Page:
(d) not render auction services in a careless or negligent manner, such as a series of errors that, considered individually, might not significantly affect the results of an auction but which when considered in the aggregate would be detrimental to the client's interests.
Explanatory Comment S.R. 1-2 (d)
Perfection is impossible to attain and competence does not require perfection. An auctioneer must not, however, conduct an auction in a careless or negligent manner. This rule requires an auctioneer to use due diligence and due care.
(e) not accept an auction knowing that his previous experience is insufficient to complete the auction competently. It is unethical for the auctioneer to accept the auction without disclosing such inexperience to the client prior to accepting the auction.
Explanatory Comment S.R. 1-2 (e)
The auctioneer should associate himself with another auctioneer who has had such previous experience.
In conducting an auction, an auctioneer must observe the following specific requirements:
(a) A written contract, which must address the following items: title; ownership; description of the property; type, date and location of auction; seller's legal right to sell; liens and encumbrances, if any; bulk sales law compliance, if applicable; auctioneer's exclusive right to sell; term of contract; compensation; costs of sale; settlement terms; sale or withdrawal prior to auction; default by buyer or seller.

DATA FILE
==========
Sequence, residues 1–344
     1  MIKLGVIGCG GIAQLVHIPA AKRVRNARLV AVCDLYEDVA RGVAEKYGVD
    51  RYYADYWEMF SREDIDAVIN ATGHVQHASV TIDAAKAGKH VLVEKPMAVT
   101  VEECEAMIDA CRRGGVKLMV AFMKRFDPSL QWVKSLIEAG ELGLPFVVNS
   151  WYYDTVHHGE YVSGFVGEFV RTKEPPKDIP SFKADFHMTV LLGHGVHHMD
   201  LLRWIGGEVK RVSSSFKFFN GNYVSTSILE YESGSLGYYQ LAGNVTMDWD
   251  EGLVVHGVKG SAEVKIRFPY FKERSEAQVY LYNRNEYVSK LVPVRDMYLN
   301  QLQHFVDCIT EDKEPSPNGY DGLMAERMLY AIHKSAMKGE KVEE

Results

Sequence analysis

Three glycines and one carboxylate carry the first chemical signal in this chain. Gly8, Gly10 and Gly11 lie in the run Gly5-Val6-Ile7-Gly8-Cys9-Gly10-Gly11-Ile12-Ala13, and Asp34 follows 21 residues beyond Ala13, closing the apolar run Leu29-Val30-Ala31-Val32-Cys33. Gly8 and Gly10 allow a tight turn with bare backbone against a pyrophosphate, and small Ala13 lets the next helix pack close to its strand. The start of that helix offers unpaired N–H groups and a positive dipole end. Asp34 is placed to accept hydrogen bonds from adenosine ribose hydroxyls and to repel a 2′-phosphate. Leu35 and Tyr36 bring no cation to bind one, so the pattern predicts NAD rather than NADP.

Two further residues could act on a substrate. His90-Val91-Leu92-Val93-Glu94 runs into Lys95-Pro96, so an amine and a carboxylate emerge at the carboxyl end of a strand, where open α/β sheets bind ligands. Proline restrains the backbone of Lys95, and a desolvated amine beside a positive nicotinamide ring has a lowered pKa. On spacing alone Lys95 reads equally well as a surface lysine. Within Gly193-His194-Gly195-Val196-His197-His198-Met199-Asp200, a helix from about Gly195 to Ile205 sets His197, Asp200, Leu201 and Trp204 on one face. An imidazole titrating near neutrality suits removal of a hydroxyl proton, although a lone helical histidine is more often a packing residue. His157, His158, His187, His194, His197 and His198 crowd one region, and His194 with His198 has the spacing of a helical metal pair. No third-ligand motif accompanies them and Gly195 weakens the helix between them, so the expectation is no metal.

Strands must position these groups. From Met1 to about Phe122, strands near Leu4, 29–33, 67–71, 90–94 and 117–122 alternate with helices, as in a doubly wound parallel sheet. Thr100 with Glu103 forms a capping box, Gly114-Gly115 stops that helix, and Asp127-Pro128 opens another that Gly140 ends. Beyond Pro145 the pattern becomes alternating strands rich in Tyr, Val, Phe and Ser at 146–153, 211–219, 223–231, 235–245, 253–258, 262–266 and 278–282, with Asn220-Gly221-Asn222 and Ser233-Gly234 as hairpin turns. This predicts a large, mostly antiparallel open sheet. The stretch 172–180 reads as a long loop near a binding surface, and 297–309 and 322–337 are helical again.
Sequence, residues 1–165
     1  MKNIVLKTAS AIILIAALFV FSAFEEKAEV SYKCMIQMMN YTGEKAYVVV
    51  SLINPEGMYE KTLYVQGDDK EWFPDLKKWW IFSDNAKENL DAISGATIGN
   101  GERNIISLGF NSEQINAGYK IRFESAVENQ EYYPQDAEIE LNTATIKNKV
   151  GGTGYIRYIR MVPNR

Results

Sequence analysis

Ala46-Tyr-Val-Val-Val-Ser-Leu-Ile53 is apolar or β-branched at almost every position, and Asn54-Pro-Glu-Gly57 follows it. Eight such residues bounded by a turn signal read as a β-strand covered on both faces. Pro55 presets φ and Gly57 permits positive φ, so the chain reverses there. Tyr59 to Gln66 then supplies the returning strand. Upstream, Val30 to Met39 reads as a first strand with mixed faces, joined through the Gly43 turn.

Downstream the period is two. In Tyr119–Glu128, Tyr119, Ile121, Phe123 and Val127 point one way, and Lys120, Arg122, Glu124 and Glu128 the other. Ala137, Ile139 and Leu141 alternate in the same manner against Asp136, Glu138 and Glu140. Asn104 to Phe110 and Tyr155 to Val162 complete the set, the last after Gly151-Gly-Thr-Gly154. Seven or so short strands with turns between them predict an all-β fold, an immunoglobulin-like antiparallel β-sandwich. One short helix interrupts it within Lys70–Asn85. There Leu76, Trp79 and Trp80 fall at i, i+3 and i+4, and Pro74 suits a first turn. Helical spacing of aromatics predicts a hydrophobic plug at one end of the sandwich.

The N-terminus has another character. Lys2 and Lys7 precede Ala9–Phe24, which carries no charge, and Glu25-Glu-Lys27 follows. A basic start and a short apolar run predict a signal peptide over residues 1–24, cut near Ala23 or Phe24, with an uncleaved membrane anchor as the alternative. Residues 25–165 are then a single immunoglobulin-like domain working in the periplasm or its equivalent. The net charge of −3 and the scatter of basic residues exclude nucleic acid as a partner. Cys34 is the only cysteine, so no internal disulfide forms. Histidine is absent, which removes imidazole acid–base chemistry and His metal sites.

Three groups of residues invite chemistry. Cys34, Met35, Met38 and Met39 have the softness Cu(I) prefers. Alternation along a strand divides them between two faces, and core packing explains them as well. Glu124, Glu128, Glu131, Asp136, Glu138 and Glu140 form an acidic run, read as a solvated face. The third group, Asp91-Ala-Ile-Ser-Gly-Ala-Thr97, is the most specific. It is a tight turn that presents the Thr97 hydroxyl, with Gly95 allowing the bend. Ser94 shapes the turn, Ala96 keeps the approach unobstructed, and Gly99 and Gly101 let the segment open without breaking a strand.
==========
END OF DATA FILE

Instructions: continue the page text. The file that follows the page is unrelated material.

Explanatory Comments S.R. 1-3 (a)
An auctioneer has an obligation to conduct business affairs in a professional manner, which requires the use of written contracts.
The Institute recognizes that its members sell both real and personal property and that contractual requirements may depend upon the type of property being sold. Members may develop their own contract forms; each of the items enumerated in this rule must be addressed.
The term settlement encompasses both the issues related to closing the sale between buyer and seller and the obligations of the auctioneer to provide the seller a written report of sale, an accounting and a disbursement of funds within a stated time frame.
Whenever possible, the auctioneer should contract with the client on an "exclusive right to sell" basis.